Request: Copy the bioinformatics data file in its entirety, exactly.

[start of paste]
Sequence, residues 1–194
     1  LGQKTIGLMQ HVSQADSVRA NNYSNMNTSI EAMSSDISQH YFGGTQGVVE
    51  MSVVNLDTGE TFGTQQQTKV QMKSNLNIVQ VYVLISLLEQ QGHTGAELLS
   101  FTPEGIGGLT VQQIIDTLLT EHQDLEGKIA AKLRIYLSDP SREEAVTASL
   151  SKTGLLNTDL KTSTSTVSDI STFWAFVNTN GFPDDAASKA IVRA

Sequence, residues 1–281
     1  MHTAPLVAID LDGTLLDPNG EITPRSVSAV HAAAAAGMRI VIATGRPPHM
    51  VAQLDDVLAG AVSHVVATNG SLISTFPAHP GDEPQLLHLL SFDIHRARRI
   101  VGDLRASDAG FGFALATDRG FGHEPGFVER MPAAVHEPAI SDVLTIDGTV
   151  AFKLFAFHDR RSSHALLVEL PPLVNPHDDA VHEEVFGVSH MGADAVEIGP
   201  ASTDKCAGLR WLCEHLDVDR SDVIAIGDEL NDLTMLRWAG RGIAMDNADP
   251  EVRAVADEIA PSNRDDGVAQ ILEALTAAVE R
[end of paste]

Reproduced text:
Sequence, residues 1–194
     1  LGQKTIGLMQ HVSQADSVRA NNYSNMNTSI EAMSSDISQH YFGGTQGVVE
    51  MSVVNLDTGE TFGTQQQTKV QMKSNLNIVQ VYVLISLLEQ QGHTGAELLS
   101  FTPEGIGGLT VQQIIDTLLT EHQDLEGKIA AKLRIYLSDP SREEAVTASL
   151  SKTGLLNTDL KTSTSTVSDI STFWAFVNTN GFPDDAASKA IVRA

Sequence, residues 1–281
     1  MHTAPLVAID LDGTLLDPNG EITPRSVSAV HAAAAAGMRI VIATGRPPHM
    51  VAQLDDVLAG AVSHVVATNG SLISTFPAHP GDEPQLLHLL SFDIHRARRI
   101  VGDLRASDAG FGFALATDRG FGHEPGFVER MPAAVHEPAI SDVLTIDGTV
   151  AFKLFAFHDR RSSHALLVEL PPLVNPHDDA VHEEVFGVSH MGADAVEIGP
   201  ASTDKCAGLR WLCEHLDVDR SDVIAIGDEL NDLTMLRWAG RGIAMDNADP
   251  EVRAVADEIA PSNRDDGVAQ ILEALTAAVE R